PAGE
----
Capital expenditures (capex) on oil industries in Kuwait are estimated at USD 100 million over the coming five years, in line with the strategic orientations of the oil sector, Minister of Oil and Minister of State for National Assembly Affairs Ali Saleh Al-Omair revealed here on Wednesday.
Despite low oil prices, the atmosphere should be alternated into a more optimistic and positive one, devoting efforts to serve our peoples, Al-Omair told the opening session of the first Petroleum Economist Hydrocarbons Strategy Forum that kicked off here today.
He pointed to the huge challenges of the oil industry, as demand is falling in some markets and slowing in emerging ones, amid a growing pace of competition due to oversupply.
Oil prices have been decreasing, after the relative stability over the past years, the Minister said. He stressed the dire need for cooperation on all levels to secure power security and stability on markets.
In spite of the severe decline in oil prices, Kuwait insists on speeding up the pace of work in the grand projects in line with the strategic orientations of the Kuwait Petroleum Corporation (KPC), as part of the responsibility to meet power needs and guarantee power security, Al-Omair said.
"We (in Kuwait) believe that expansion in petrochemicals at home and overseas to realize integrity with the refining industry, secures stability of revenues, and helps make the utmost benefit from the crude in a way that alleviates impact of price fluctuations," the Minister told the session.
There is no OPEC or non-OPEC attempt to reduce production, Omani Minister of Oil and Gas Mohammad Al-Rumhi. He hinted to differences among OPEC members on the issue.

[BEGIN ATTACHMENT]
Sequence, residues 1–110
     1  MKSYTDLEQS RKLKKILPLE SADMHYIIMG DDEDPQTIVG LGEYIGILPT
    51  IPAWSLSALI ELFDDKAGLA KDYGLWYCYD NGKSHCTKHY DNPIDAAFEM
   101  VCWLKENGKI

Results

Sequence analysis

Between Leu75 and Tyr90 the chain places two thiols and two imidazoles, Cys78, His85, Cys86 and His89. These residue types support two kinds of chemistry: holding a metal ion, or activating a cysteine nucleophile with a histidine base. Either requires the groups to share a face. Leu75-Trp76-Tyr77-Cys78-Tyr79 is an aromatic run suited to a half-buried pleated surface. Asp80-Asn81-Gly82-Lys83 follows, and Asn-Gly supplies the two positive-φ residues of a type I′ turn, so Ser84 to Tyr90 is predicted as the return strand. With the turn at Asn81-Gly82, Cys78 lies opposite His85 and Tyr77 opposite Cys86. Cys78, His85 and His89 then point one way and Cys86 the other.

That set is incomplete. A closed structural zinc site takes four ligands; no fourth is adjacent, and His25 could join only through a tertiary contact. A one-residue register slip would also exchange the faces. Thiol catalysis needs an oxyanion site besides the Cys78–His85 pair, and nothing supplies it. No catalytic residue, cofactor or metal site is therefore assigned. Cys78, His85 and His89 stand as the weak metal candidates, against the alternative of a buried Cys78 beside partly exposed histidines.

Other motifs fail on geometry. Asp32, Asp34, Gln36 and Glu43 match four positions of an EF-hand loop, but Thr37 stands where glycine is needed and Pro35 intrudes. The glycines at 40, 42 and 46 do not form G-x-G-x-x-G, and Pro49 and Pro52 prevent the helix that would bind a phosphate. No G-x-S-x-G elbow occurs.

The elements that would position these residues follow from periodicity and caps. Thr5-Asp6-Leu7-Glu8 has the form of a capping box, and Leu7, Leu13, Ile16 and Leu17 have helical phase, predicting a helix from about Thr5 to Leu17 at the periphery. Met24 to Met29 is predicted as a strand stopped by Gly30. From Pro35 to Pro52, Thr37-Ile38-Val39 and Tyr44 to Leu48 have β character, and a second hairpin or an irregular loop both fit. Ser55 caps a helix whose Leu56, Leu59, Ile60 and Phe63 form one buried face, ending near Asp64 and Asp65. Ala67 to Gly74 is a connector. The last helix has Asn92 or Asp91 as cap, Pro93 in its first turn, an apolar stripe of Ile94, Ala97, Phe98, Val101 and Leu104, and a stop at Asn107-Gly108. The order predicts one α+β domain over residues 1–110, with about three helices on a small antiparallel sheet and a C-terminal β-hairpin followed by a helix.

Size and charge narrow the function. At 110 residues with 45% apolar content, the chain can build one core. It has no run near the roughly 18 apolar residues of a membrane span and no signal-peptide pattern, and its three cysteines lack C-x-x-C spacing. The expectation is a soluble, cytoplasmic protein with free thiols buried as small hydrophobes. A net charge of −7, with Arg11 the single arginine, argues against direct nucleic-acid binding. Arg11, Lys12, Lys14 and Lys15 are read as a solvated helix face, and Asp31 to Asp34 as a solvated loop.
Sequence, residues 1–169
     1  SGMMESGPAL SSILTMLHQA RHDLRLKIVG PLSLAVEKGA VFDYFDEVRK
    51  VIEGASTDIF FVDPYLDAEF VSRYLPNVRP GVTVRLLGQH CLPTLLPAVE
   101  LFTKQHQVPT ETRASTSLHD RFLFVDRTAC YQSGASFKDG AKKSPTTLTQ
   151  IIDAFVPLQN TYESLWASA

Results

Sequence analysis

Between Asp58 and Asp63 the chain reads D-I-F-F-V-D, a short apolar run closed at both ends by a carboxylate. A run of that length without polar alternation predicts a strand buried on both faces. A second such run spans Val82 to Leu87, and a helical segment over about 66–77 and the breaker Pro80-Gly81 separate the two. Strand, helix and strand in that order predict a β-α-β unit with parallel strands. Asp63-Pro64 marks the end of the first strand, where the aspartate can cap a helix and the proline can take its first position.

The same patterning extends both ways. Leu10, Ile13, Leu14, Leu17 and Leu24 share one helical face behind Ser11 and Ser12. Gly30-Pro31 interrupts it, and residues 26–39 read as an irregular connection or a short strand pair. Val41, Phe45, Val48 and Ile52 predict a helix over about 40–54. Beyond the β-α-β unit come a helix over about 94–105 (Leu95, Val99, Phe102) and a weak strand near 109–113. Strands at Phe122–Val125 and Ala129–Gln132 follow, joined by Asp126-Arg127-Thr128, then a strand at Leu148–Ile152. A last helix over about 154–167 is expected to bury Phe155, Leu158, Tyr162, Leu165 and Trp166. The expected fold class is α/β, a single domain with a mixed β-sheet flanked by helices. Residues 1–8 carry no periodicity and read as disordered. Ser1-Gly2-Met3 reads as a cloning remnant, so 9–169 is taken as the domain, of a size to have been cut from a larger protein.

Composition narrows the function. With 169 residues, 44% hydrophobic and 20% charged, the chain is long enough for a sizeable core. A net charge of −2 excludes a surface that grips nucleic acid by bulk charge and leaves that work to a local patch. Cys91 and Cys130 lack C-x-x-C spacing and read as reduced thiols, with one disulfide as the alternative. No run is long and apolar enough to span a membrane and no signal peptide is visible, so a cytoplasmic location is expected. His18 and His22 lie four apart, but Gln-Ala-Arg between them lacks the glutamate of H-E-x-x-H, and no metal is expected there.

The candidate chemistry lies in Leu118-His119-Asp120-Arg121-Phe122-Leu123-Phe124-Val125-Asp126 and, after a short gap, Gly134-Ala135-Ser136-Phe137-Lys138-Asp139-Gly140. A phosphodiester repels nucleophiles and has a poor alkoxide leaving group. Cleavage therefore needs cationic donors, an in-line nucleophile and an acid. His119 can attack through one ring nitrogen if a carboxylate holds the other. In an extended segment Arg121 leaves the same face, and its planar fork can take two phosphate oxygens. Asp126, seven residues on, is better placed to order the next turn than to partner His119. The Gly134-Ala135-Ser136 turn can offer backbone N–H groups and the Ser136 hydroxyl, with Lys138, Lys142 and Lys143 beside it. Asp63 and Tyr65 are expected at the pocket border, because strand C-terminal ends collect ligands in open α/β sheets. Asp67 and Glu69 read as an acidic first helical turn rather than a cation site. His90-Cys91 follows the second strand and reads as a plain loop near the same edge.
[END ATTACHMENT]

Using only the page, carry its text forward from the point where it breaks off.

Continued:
On the impact of falling oil prices on Oman's production, Al-Rumhi stressed that the Sultanate could withstand the decline through 2015.
But in case the trend carries on for more years, Oman and other countries will be impacted and will have to amend their plans of production, he noted.
For his part, Iraqi Oil Minister Adel Abdul Mahdi underlined the fact that hydrocarbons provide the world with about 80 percent of power, while other sources, such as solar and nuclear powers offer less than 20 percent.
He cited statistics to show that fossil fuels will remain the major source of energy for long years to come, referring to rising demand on oil and gas, expected to hit 110 million barrels daily in 2025.
The one-day Forum, held under "Cooperation: The Gulf 's new imperative", is organized by the Petroleum Economist magazine and co-hosted by KPC.
It provides a platform to discuss emerging trends in hydrocarbon production and use in the region and explore how governments are using the sector to diversify and develop their wider economies.